Leadership

IT as an economic indicator

Patrick Gray finds some reason for hope -- at least as indicated by renewed hiring in IT -- in the midst of a chaotic economic landscape.

A good friend of mine who is on the development side of IT recently mentioned that he has been fielding an increasing number of headhunter calls and that IT hiring seems to be on the rise. As we discussed this, he mentioned that IT hiring seemed like a good leading indicator of the direction of the general economy, and as we delved deeper into the discussion, the correlation between IT spending and the larger economy seemed quite compelling.

While far more qualified economic gurus might dispute this "economic theory" developed over a couple of burgers in the course of several minutes, there do seem to be some strong indicators within the IT profession of where the economy is going, and despite the abundance of doom and gloom about the global economy, IT just might be telling a different story.

The axe man leaveth

On the negative side, IT seems to be one of the corporate functions that is first subject to cost-cutting once the economy makes a turn for the worse. It's easy to see why: IT rarely generates revenue directly from customers, it often accounts for a large portion of corporate expenditures, and the biggest numbers on the expense side of the ledger usually are the first to get cut. As anyone who has lived through the last few years can attest, as soon as companies feel an economic pinch, IT spending (and thus IT staff) are likely to feel the immediate pain as the axe man relentlessly thins the ranks. More recently, as industry surveys and my friend's anecdotal experience seem to show, this trend is reversing and companies are hiring, rather than firing, IT staff. If IT is the first to be culled when clouds appear on the horizon, presumably it is also the first to be restored as demand necessitates more capacity.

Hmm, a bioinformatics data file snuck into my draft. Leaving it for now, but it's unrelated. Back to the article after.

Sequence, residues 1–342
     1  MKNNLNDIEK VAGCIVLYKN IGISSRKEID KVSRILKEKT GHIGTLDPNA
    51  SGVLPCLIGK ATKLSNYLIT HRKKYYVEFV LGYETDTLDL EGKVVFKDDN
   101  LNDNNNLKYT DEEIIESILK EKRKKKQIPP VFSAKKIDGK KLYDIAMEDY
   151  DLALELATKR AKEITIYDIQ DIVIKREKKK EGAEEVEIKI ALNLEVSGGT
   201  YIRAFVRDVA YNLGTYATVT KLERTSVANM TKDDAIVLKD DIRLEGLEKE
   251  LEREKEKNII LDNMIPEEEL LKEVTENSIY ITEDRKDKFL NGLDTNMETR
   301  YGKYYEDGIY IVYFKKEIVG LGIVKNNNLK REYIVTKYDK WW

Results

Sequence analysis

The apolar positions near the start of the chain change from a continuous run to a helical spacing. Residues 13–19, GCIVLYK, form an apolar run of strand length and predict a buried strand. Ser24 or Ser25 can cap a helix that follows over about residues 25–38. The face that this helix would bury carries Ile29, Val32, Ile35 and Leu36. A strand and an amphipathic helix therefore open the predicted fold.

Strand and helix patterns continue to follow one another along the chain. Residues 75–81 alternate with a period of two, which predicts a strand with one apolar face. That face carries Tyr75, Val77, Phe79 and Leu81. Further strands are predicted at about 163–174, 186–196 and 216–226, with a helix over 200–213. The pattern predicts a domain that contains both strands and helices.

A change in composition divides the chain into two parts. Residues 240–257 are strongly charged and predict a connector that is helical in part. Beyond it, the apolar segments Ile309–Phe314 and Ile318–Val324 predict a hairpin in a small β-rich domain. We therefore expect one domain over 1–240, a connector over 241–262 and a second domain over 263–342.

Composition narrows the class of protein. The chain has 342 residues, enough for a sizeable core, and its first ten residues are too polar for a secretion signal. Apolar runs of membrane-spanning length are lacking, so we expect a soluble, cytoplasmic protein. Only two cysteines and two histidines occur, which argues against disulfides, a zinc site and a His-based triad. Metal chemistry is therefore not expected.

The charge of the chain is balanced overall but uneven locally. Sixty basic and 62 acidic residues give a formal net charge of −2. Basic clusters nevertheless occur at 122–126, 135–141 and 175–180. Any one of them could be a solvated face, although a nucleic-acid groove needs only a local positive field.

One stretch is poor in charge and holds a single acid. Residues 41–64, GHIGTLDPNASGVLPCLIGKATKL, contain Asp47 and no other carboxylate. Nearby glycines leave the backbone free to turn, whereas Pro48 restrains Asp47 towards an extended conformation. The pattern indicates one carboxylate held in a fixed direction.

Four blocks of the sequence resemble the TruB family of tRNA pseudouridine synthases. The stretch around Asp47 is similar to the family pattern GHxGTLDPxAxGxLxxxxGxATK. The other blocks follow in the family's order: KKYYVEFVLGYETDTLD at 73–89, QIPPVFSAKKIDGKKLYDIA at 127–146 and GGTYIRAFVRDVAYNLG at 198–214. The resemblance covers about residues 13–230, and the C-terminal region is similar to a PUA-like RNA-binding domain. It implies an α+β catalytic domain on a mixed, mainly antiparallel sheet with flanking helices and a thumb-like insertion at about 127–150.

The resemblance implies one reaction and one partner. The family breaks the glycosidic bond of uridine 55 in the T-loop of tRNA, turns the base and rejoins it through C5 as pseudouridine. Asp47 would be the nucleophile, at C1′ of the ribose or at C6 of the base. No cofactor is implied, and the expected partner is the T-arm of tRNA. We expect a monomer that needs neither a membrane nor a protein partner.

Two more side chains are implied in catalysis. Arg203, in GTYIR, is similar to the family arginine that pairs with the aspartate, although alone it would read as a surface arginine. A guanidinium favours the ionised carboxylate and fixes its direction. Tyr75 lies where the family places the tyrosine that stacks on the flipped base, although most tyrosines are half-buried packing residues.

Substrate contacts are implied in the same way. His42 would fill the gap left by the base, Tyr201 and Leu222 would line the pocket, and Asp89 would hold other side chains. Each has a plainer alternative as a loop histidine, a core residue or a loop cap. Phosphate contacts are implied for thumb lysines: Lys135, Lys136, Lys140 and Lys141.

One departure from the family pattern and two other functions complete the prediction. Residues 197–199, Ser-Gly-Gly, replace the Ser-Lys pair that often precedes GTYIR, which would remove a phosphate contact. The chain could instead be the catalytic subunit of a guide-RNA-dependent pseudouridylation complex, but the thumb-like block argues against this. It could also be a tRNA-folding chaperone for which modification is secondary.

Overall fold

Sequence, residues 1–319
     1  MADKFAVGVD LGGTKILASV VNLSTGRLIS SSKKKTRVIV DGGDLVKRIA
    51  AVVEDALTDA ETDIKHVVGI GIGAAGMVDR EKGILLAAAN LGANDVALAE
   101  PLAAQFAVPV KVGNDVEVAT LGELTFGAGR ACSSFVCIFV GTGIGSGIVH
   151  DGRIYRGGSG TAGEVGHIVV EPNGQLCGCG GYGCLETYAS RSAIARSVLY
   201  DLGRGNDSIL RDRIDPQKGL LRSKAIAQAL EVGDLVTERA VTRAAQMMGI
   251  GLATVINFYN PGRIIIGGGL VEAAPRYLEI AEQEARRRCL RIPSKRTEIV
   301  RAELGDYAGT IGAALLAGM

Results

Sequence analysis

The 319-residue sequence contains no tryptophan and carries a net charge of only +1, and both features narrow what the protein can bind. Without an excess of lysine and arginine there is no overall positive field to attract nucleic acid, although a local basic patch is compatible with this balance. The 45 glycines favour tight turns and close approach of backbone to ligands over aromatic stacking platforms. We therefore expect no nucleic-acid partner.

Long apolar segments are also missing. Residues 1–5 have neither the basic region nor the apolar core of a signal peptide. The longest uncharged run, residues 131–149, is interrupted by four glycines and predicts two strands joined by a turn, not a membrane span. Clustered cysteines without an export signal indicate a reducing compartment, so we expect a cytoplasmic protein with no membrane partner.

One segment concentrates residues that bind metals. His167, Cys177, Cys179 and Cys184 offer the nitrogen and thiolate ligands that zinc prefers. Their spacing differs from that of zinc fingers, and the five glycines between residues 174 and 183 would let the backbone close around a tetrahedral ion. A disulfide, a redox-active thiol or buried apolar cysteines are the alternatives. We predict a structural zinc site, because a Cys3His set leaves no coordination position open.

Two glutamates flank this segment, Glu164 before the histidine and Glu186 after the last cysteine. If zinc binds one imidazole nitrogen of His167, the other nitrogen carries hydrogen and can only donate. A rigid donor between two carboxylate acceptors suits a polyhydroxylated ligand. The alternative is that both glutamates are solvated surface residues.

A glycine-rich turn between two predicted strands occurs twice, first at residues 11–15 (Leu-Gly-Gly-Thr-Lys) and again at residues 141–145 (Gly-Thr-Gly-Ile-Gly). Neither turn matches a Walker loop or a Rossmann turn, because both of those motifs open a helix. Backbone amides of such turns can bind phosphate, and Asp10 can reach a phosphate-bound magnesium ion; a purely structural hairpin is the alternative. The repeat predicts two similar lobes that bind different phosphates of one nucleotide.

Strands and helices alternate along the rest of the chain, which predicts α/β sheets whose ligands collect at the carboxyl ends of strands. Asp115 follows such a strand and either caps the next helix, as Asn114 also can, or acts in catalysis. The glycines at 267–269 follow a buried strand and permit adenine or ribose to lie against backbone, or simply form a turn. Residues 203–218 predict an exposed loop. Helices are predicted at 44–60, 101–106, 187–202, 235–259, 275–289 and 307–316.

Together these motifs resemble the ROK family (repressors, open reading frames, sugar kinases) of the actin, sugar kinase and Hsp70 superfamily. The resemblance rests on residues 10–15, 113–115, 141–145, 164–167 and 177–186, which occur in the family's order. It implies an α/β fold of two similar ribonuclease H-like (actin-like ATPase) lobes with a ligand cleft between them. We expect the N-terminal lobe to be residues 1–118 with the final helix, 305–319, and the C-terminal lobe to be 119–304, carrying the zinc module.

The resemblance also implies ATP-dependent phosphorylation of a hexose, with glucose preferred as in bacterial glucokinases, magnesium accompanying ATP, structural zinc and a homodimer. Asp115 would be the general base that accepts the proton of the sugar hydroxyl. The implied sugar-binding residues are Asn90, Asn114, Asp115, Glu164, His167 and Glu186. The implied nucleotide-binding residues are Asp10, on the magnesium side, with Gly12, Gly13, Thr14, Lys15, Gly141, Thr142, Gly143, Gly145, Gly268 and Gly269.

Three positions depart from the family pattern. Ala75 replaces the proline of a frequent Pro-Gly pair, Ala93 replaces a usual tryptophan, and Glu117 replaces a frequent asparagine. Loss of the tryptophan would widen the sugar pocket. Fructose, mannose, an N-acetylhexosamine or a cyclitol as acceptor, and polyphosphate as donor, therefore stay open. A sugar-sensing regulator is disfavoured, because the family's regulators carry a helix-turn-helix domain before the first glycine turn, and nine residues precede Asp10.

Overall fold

IT spending, and hiring in particular, is a vote of confidence

I would contend that IT spending is a vote of confidence in the future for two reasons. First, much of IT's work is future-focused; it's long-term projects like enterprise systems implementations, building technology-based products, data management and mining, or merger and acquisition-related systems integration work. With some notable exceptions like "burning platforms" or compliance-mandated systems, investing in these types of systems and technologies signals an expectation of future growth for the company as a whole.

The second vote of confidence is a bit ironic in that IT is so good at outsourcing and offshoring, making direct hiring seem even more applicable as a sign of confidence in the future. Most IT organizations are quite competent at using outsourced talent for short-term needs, reducing the necessity to hire staff. Therefore, when direct IT hiring ticks up, it stands to reason that companies see long-term growth ahead that is better served by a long-term hire than a short-term outsider.

More is more